A North East charity is urging schools to plan ahead to avoid the kind of scenes which have seen pupils sent home for uniform problems.
The Echo reported this week that teachers at Houghton’s Kepier school colour-matched pupils’ trousers to make sure they had been bought from the right shop.
Pupils who failed the comparison test were placed into isolation or sent home.
The move divided parents, with some expressing their anger, while others defended the school’s policy.
Headteacher Nicky Cooper said: “We have been in constant communication with parents and homes and I need to say thank you to all the parents who have supported it.
“The very large majority are behind us.”
The NASUWT found we spend more than £100 getting our children ready for school. When you apply that to people who are already struggling financially, then it is real added pressure.Luke Bramhall
Luke Bramhall, from charity Children North East, said head teachers and governors should be aware of the difficulties facing some families and doing everything in their power to help.
“We work with children across the North East, looking at the impact of the school day,” he said.
“One particular effect is the cost of school uniform and the fact it can potentially have a really serious impact on individual families.
“The NASUWT found we spend more than £100 getting our children ready for school. When you apply that to people who are already struggling financially, then it is real added pressure.
“The fact that schools are turning people away, putting them in exclusion or punishing them in some other way just because they have not got the uniform at the end of what has been an extremely expensive time shows they are not understanding the situation as regards some people’s finances and the difficulties they might have.
“The real challenge for schools now is ‘what can we do for next year to ensure all our pupils are well prepared, and have everything required?’”
Schools should be flexible about allowing parents to buy as much of their child’s uniform as possible from cheaper outlets, such as supermarkets, he said: “Getting something from a specified supplier is usually more expensive then other options.”
What does the Government’s own guidance on school uniform say?
“It is for the governing body of a school to decide whether there should be a school uniform policy and if so what that should be. This flows from the duties placed upon all governing bodies by statute to ensure that school policies promote good behaviour and discipline amongst the pupil body.
“It is also for the governing body to decide how the uniform should be sourced.
“We strongly recommend that in setting its uniform/appearance policy the governing
*consider the timeframe for introducing a new uniform policy or amending an existing one;
*take into account the views of parents and pupils on significant changes to school uniform policy;
*consider the cost, the available supply sources and year round availability of the proposed uniform to ensure it is providing best value for money for parents;
*consider how the introduction of the proposed uniform policy might affect each group represented in the school and any existing suppliers;
“Once a policy has been agreed, we recommend that the governing body:
*describe its uniform/appearance policy clearly and ensure that parents are informed;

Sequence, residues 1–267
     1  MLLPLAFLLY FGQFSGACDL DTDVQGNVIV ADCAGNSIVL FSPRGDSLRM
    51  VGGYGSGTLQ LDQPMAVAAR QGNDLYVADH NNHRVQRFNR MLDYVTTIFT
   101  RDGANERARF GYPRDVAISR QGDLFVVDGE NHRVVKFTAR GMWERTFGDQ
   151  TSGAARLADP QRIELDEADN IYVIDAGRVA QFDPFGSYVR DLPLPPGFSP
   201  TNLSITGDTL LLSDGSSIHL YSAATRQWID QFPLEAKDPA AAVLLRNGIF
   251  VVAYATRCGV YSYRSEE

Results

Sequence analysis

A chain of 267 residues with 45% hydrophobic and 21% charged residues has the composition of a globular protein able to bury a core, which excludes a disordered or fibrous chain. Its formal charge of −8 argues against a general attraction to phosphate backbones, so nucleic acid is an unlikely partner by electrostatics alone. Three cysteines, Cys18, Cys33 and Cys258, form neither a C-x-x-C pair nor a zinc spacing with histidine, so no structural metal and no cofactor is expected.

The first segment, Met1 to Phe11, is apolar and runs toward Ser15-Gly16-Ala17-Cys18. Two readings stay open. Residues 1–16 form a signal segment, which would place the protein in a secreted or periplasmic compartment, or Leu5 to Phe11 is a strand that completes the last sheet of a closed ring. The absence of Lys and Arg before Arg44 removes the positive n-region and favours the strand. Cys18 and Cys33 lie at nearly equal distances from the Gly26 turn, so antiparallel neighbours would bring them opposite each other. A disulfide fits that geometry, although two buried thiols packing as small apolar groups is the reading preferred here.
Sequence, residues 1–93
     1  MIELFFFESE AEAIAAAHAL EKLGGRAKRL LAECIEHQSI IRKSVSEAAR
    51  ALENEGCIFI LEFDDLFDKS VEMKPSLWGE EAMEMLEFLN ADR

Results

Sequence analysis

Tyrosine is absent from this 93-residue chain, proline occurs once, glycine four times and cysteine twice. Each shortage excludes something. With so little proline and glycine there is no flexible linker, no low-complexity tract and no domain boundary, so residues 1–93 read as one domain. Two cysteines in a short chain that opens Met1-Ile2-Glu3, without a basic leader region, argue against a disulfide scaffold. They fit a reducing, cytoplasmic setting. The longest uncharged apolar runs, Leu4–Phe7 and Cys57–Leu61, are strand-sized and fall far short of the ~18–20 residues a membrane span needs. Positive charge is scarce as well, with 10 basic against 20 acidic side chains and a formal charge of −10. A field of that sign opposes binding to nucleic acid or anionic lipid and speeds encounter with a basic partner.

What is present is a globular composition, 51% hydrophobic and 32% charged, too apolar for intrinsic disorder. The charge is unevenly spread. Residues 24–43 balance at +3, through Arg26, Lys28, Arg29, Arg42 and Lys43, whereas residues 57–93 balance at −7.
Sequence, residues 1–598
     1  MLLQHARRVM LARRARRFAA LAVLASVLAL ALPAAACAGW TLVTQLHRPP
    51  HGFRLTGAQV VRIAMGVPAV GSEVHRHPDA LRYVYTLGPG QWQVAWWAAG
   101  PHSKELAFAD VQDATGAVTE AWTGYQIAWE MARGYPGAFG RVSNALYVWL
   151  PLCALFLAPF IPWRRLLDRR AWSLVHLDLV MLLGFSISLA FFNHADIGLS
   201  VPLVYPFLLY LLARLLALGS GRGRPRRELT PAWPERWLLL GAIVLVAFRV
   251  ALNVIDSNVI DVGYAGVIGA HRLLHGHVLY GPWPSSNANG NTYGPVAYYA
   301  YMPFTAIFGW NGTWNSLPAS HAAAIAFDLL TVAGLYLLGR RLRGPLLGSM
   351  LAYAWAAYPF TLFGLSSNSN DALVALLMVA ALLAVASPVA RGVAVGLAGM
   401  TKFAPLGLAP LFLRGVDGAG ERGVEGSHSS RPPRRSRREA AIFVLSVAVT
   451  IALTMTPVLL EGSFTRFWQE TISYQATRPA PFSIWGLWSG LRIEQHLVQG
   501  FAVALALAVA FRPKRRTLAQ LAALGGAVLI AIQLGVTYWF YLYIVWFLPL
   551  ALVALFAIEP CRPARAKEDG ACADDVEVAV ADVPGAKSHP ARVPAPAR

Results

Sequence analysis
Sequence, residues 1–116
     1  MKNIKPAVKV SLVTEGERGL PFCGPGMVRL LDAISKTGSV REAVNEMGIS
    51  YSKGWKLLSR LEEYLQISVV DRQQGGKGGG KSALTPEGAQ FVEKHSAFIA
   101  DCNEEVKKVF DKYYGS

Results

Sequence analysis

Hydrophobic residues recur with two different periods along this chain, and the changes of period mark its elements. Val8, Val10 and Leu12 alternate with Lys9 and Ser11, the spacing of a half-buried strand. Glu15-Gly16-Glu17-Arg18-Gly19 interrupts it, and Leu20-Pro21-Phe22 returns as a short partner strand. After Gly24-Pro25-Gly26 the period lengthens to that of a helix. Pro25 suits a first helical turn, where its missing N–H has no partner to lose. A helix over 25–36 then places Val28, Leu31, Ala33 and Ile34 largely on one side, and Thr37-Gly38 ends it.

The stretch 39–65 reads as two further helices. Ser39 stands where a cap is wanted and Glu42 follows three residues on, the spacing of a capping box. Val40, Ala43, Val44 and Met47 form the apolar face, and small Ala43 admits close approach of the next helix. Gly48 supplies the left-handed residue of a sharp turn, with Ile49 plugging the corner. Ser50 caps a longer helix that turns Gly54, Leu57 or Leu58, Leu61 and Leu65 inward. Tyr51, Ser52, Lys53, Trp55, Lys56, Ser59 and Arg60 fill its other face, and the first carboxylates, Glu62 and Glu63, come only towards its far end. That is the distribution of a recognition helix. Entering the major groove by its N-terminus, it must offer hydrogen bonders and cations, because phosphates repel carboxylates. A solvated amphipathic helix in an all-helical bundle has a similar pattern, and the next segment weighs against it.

*consider carefully reasonable requests to vary the policy, in particular to meet the needs of any individual pupil to accommodate their religion or belief, ethnicity, disability or other special considerations.
The School Admissions Code 2012, which is statutory guidance, states “Admission authorities must ensure that […] policies around school uniform or school trips do not discourage parents from applying for a place for their child.
“No school uniform should be so expensive as to leave pupils or their families feeling unable to apply to, or attend, a school of their choice, due to the cost of the uniform. School governing bodies should, therefore, give high priority to cost considerations. The governing body should be able to demonstrate how best value has been achieved and keep the cost of supplying the uniform under review.
“When considering how the school uniform should be sourced, governing bodies should give highest priority to the consideration of cost and value for money for parents. The school uniform should be easily available for parents to purchase and schools should seek to select items that can be purchased cheaply, for example in a supermarket or other good value shop.
“Schools should keep compulsory branded items to a minimum and avoid specifying expensive items.
“Exclusive single supplier contracts should be avoided unless regular tendering competitions are run where more than one supplier can compete for the contract and where best value for parents is secured.
“Disputes about school uniforms should be resolved locally and should be pursued in accordance with the school’s complaints policy. In law, governing bodies must have a complaints procedure in place to deal with issues such as a complaint about school uniform.
“Teachers can discipline pupils for breaching the school’s rules on appearance or uniform. This should be carried out in accordance with the school’s published behaviour policy.
“A head teacher, or a person authorised by the head teacher, may ask a pupil to go home briefly to remedy a breach of the school’s rules on appearance or uniform. When making this decision schools need to consider the child’s age and vulnerability, the ease and time it will take, and the availability of the child’s parents.
“This is not an exclusion but an authorised absence. However, if the pupil continues to breach uniform rules in such a way as to be sent home to avoid school, or takes longer than is strictly necessary to effect the change, the pupil’s absence may be counted as an unauthorised absence.”